Club's involvement with local schools - help with reading. Here are two accounts by our members who help with the scheme:
School Literacy Programme
Following a recommendation by the Club's Community Service Committee earlier this year, the Club agreed to support the Learning Partnerships Literacy Volunteer Programme with 'hands-on' help for primary school children learning to read. At an initial training session held in Leeds city centre on 2nd May 2013, it was explained to the Club members and other volunteers that many of the children we would be asked to work with receive little or no reading support at home, in some cases because English may not be spoken at home or where parent / carers own basic skills may not be sufficient to provide the help and support their children need.
Since that initial training session, members of the Leeds Elmete club have attended weekly reading sessions at Grange Farm Primary School and White Laithes Primary School. Each volunteer has been allocated, usually two or three 7 and 8 years olds, with whom they spend a period of up to half an hour each providing one-to-one support and guidance. None of the volunteers are qualified teachers and instead our involvement focuses on listening to the children read, helping them with new and unfamiliar words, ensuring that they have an understanding of what they are reading and most significantly providing words of encouragement and praise - the sort of things that many of us took for granted when we were the same age and making our first ventures into the world of books and which we provided to our own children when they were a similar age and learning how to read.
Our work with the children is extremely self-satisfying as we have seen the children develop not only their reading skills but with it their self confidence and esteem. This was brought home to all the volunteers when at the final reading session prior to the Christmas holiday break, we were greeted at the door of the school by the children we have been helping, holding out Christmas cards which they had made themselves, each containing 'special messages' of thanks.
In terms of true 'Community Service', in terms of providing practical help where it is needed, this has been an excellent and very worthwhile project.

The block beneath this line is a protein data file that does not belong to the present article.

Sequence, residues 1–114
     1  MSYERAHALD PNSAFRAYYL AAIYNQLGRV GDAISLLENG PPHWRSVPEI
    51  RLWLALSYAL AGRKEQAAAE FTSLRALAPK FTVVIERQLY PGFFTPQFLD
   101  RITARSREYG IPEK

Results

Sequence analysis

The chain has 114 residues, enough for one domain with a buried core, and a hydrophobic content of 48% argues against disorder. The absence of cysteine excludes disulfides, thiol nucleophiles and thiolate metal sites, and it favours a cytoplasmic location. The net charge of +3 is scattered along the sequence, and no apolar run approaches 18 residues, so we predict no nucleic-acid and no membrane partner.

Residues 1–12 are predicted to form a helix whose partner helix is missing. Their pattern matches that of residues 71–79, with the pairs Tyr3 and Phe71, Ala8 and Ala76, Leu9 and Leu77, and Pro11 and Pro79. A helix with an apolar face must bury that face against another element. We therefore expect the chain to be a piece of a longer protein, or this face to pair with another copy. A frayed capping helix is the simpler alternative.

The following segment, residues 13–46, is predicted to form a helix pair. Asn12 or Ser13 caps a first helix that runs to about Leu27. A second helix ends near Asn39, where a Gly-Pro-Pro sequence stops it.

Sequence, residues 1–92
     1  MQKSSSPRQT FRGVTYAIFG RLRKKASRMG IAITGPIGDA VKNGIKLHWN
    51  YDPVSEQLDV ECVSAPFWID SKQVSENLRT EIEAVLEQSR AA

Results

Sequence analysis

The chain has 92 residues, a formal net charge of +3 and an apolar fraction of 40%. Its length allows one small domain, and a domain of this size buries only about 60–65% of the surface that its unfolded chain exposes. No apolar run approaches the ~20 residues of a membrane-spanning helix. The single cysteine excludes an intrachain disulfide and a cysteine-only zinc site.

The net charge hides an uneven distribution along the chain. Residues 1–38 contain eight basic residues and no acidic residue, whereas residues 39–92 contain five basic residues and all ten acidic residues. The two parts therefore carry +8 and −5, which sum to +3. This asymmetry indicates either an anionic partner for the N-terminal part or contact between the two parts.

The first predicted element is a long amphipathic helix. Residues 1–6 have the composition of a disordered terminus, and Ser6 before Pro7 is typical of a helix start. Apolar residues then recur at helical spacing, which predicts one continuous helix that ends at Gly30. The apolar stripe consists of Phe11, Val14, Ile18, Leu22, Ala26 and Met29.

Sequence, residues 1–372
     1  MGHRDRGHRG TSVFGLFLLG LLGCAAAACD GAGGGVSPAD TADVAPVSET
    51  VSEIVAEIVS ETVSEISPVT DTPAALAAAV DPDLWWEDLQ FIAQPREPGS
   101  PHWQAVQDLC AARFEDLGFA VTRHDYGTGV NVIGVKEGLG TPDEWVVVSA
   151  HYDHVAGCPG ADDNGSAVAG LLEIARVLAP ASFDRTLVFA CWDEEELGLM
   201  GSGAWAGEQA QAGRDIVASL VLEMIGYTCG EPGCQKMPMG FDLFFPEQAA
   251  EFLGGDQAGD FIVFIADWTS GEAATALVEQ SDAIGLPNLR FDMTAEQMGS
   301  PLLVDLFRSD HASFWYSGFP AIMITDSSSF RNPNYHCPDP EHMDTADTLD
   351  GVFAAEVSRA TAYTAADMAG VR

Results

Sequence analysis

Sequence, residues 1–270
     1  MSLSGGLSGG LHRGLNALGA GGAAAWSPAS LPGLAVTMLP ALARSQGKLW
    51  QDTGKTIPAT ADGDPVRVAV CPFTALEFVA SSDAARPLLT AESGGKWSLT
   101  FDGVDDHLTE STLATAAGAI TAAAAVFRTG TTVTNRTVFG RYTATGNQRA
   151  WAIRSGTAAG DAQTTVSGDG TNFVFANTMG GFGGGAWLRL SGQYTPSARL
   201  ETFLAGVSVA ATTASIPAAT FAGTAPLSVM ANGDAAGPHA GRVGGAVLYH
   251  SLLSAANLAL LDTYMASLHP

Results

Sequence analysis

Rtn Bill Baker, PHF. Presidential Nominee (2015-16).
Helping Children with Reading.
Early last year a young lady, Gail Clarke, came to talk to our Club. Gail represented a charity called "Learning Partnerships". The function of the charity is to place adults, working or retired, into schools for one hour a week to help young children to improve their reading and their understanding of written works. There is an added side effect in that some of the children do not have the same comfortable home-life as us, and so to have someone's full attention for a short time is beneficial.
A few of us volunteered. The usual checks had to be made to ensure our "suitability" and then on to a three hour training session. Not really "training" more explaining the basics of reading, and, of course, 'Health and Safety' particularly remembering we would be dealing with young children.
And so off to school - in my case White Laith Primary in the Whinmoor area of Leeds - a small school of approximately 200 pupils aged from 5 to 11 (don't get me started with school year numbers!). Our Organiser at school is Helen - Deputy Head teacher - and our one hour session each week is on Thursdays. In our school, there are 5 volunteers. We are allocated six or seven pupils whose reading is at various levels, but all are past the first stage of grasping letters. We listen to them read two or three pages of their own choice of book, sometimes reading a page ourselves and seeing if they understand what they have just read. Most do. I have to say that the hour absolutely flies by. The children are lovely; yes they can be a bit naughty, but don't you wish you had their energy and innocence?
Some of the problems: You do not realise (or I didn't) how difficult it can be for children to see words with a similar spelling but have a different pronunciation? Cough, rough and bough come to mind, but there seem to be a lot like this. Pronunciation is another battle, a little problem etc., so that the 't' has to be emphasised - until you get to "duvet"! You can imagine the problems with words like husband and others.
You get to know the children, so it is not just about the reading. There is a bit of fun and chatter in between. I informed one child that her second name should begin with a 'p' - for 'pest'- all in good humour. The smiles on the children's faces are a delight to see.
As I said to Gail recently, (see keeps an overview of us), we would not turn up each week if we did not enjoy it.
Rotarian Alastair Henderson, Past President (1996-7), Club Treasurer.